I don’t see myself as a person with a mental disorder. I don’t buy into thrown-around labels and insults.
Deep within my core, I believe we all have differences:
Maybe your trauma was a car accident that threw your Civic off the highway, and every time you drive that stretch your knees buckle, reminding you how scary it was to end up in the brush with a jammed driver’s side door.
Or maybe you were diagnosed with depression when your parents finally separated after years of sleeping in separate bedrooms and verbally vomiting on each other at the dinner table.
My diagnosis? PTSD and Body dysmorphic disorder, after surviving eighteen months of sexual, physical, emotional and financial abuse at the hands of a man I thought I’d save and then, subsequently, marry. He was sick too, after all. And even though I knew the man had issues to work through, I was also all-to-aware that he knew right from wrong and his battery came only when he thought I was trapped.
Picking up the pieces of a shattered dream is hard, but living in the aftermath proved harder. At twenty seven, after two complete and successful years as a high school English teacher, I found myself standing in the front yard of my house on Magnolia while the repo man took my car. Days later, my house would go into foreclosure proceedings.
And the voices congested my head so quickly I wasn’t sure which voice was mine. I tried to get back into the classroom and forget about what happened, and it was easy until a seventeen year old football player would ask for help while I backed myself against the wall. If he was going to attack me, I was going to be sure he couldn’t grab me from behind.
That’s when I realized I couldn’t do my work without getting the mental help I needed.
After three years of EMDR I healed from my diagnosis, though there are times I’m triggered by events around me. I battle PTSD on the good and bad days, no matter how much I wish for its death. And I work damn hard to make sure people know survivors are more than their abuse or the costs of it.
Just as you didn’t choose to be thrown off that highway or watch your house burn to the ground. Just as you couldn’t pick your parents (or stop their fighting), I also couldn’t chose what would happen to my brain when someone else tampered with it.
That was his choice, not mine.
There are plenty of people worldwide who would like to, and very often do, speak about the fact that I chose to get involved with someone and my diagnoses were the consequences of my choice. That’s the stigma that sends hot bile up my throat, and even though I don’t spit it at them, even though their misunderstanding makes me angry because – duh – I use their misguided thoughts to aid in my recovery.
At least I understand I’m bigger than the afflictions they prescribe.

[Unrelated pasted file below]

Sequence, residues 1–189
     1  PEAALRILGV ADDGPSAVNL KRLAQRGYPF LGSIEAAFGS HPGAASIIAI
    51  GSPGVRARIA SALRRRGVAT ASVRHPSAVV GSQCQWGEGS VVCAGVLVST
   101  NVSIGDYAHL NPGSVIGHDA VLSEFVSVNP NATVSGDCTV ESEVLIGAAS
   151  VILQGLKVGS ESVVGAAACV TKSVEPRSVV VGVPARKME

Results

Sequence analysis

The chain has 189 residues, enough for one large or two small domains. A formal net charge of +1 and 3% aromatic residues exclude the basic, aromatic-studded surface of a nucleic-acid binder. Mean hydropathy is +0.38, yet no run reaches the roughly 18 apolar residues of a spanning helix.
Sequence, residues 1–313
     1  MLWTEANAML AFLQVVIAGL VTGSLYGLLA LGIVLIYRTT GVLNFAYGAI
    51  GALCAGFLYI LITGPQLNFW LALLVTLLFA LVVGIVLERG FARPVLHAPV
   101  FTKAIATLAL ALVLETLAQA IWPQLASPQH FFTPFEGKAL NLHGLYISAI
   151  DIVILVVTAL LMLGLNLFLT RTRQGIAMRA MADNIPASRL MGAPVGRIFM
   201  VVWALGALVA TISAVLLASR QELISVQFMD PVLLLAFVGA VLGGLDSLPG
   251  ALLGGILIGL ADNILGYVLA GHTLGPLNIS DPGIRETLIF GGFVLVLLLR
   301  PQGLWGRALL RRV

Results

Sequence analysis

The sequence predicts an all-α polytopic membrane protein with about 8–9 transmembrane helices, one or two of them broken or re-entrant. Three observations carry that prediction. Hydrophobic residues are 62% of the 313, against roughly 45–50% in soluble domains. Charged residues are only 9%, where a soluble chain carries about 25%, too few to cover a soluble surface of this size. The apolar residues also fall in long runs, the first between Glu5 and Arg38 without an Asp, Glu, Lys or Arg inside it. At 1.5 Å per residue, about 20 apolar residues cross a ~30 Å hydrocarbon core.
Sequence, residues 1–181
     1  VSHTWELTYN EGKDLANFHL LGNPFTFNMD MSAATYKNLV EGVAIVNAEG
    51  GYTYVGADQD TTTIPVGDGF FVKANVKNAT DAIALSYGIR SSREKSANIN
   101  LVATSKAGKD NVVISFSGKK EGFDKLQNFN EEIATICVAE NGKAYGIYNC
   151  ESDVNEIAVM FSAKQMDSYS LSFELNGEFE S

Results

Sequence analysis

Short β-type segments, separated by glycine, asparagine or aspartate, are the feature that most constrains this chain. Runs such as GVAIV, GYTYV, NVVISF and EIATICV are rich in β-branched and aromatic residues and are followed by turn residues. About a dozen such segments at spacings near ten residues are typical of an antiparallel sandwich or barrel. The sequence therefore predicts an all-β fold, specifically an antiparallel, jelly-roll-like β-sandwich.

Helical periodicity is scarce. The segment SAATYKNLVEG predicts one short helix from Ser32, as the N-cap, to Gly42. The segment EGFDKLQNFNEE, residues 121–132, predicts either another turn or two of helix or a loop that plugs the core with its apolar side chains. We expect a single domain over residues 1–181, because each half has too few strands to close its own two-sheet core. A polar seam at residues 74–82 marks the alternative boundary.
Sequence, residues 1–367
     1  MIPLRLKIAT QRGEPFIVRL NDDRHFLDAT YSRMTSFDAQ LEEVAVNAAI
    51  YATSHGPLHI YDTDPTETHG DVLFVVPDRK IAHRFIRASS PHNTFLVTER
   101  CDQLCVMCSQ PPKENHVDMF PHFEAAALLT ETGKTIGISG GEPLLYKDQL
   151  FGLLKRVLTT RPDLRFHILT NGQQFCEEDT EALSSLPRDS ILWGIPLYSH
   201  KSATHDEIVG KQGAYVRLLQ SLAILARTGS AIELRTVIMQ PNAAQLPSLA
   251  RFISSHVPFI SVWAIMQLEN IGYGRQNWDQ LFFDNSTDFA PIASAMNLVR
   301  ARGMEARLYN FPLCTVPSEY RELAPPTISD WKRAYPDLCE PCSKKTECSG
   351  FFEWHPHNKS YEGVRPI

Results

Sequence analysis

I’m a woman who loves the literary world as an escape, I’m an advocate for those who suffer in silence, and I’m a recovering carbaholic. Sometimes, when nobody is looking, I check myself out in the mirror to see if I’m aging and then I dance down the hallway when I realize I’m not, knowing it’s only a matter of time before this blonde hair turns silver. I cuddle my dog like he’s my child and my husband like we’ve never touched before.
I see the beauty in this world and all of our shortcomings far more than I did before The House on Sunset.
That’s the thing: maybe I didn’t always have a stigma to fight, maybe I had a good, safe childhood, and maybe – even with those truths – it wouldn’t matter.
There’s always something around the corner, ready to knock us out of our new normal.
And when you look at it that way, diagnoses or not, I’m just another human on this planet, trying to make the best use out of the cards I was dealt while moving forward.
* * *
Lindsay Fischer graduated from Missouri State University with a Bachelor of Science in secondary education, English. An avid reader and learner, Lindsay took her passion for words into a classroom before starting a writing career. Life pulled her from the classroom, providing an opportunity to use her voice against domestic violence, blogging under the pseudonym, Sarafina Bianco, since 2009.
Her memoir, The House on Sunset, is being republished by Booktroope after a successful stint in the self-publishing world. Through her words, Lindsay advocates for women, men, and children who still live within the nightmare of their abuse.
Visit Lindsay at survivorswillbeheard.com and join her when she hosts #domesticviolencechat every Monday night at 9pm EST on Twitter.
She currently lives with her husband and three dogs in St. Louis, Missouri.
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